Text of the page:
As to how to interpret Russia's diplomacy vis-à-vis the United States, it bears well to keep these important points in mind:

• Since the supposed collapse of the Soviet Union, all of the key centers of power — political, economic, military, intelligence — in Russia and the other "former" Soviet states have remained in the hands of lifelong Communists. Medvedev's mentor, Vladimir Putin, joined the Communist Party of the Soviet Union while he was a law student at Lenningrad State University. He joined the KGB while young and served the Soviet spy agency until 1991. In 1998 President Boris Yeltsin appointed Putin head of the FSB (one of the successor agencies to the KGB). In 1999, Yeltsin appointed Putin acting prime minister of the Government of the Russian Federation. Putin was elected president in 2000 and was reelected in 2004. Unable to serve for a third term, Putin was replaced by his hand-picked successor, Dmitry Medvedev, who subsequently appointed Putin prime minister of Russia.

• Though Russian cooperation with the United States concerning Afghanistan is usually attributed to the nation's (as the USSR) prior costly war in Afghanistan — and subsequent "fear" of radical Islamic militarism — the most radical Muslim groups have long subsisted on Soviet-Russian support. For example, shortly after Yasser Arafat's Palestine Liberation Organization (PLO) was formed at the Arab-Cairo Summit in 1964, the group began sending hundreds of recruits to terrorist training camps in the Soviet Union, East Germany, Bulgaria, Czechoslovakia, Hungary, and Cuba. For years, Arafat's chief contact in the Soviet Union was Vladimir Buljakov, head of the Soviet Foreign Ministry's Middle East Department. In a 1982 speech to a Soviet delegation visiting Beirut, Arafat stated: "We look to you, comrade, the Central Committee of the Soviet Communist Party and the socialist bloc, full of hope, as friend to friend ... in considering the question of liberation and progress in the world."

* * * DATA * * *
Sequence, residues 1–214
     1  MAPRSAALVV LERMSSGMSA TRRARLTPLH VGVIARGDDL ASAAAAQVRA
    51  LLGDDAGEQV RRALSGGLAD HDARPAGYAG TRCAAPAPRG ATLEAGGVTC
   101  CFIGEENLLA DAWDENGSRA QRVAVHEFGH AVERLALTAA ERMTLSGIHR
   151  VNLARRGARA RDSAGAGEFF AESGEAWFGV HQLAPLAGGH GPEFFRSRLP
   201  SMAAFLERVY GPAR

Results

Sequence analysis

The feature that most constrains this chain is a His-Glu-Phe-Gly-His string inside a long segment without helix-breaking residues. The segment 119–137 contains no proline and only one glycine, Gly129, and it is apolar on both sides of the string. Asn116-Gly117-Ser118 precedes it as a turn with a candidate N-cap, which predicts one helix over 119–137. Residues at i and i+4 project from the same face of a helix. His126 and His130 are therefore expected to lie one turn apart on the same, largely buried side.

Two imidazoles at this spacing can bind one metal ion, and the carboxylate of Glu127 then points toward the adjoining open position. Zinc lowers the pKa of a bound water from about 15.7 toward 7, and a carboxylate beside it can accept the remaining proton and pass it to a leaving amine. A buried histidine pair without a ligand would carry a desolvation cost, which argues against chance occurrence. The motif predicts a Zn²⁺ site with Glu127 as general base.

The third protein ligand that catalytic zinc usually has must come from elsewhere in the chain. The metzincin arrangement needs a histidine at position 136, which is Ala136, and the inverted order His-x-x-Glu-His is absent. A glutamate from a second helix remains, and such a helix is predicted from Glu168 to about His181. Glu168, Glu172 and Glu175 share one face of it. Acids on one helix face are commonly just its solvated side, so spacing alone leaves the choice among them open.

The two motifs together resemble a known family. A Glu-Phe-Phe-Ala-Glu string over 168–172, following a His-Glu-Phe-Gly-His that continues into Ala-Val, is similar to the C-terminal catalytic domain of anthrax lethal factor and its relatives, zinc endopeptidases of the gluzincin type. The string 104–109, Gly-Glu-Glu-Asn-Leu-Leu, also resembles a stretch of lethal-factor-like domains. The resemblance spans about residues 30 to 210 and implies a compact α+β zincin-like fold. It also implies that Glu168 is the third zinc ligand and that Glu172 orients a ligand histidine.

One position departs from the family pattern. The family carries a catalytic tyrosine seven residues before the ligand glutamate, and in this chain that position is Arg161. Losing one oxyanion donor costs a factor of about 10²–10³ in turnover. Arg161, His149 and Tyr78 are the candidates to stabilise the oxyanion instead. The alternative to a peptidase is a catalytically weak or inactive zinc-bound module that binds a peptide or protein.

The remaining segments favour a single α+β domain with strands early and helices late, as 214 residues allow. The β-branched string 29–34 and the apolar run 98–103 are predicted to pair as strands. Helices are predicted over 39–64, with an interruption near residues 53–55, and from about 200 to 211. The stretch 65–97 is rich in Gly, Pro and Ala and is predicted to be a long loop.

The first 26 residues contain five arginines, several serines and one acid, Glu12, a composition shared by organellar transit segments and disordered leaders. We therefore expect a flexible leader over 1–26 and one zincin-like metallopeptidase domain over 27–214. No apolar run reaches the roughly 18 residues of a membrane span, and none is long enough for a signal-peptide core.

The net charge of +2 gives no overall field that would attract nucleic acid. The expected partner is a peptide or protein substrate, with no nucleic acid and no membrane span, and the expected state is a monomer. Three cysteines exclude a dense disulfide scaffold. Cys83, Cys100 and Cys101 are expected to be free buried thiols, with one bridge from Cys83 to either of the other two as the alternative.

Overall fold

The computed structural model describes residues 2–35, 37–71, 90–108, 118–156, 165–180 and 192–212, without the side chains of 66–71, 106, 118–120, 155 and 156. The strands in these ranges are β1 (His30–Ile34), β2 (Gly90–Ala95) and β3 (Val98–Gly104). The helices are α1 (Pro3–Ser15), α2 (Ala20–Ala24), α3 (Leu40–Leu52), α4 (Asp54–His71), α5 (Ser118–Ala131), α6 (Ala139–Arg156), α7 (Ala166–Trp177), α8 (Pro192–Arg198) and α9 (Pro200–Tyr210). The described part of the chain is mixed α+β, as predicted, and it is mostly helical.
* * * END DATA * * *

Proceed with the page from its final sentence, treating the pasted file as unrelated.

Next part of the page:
Former KGB agents and current SVR/FSB/GRU agents in Russia still maintain connections within the Islamic terrorist network. In this writer's opinion, if the key players who control Russia appear to be lending a helping hand to Americans to engage themselves deeper into the Middle East imbroglio, it is likely that they are as "sincere" as their Soviet predecessor who "considerately" walked out of the United Nations Security Council in feigned protest just before the start of the Korean War. During his absence, the Security Council voted to commit the United Nations to a "police action" action in Korea that drained the United States of men and resources, and has kept us militarily entangled in that country to this day. Had the Soviet delegate been present, he would have been expected to veto this supposed action against a Soviet satellite, North Korea.

The Soviets/Russians have always been more than willing to facilitate the sending of more U.S. soldiers to die in yet another no-win war. So if they cooperate in helping us ferry more men and matériel to Afghanistan — a country they know only too well — it should surprise no one.

Photo: AP Images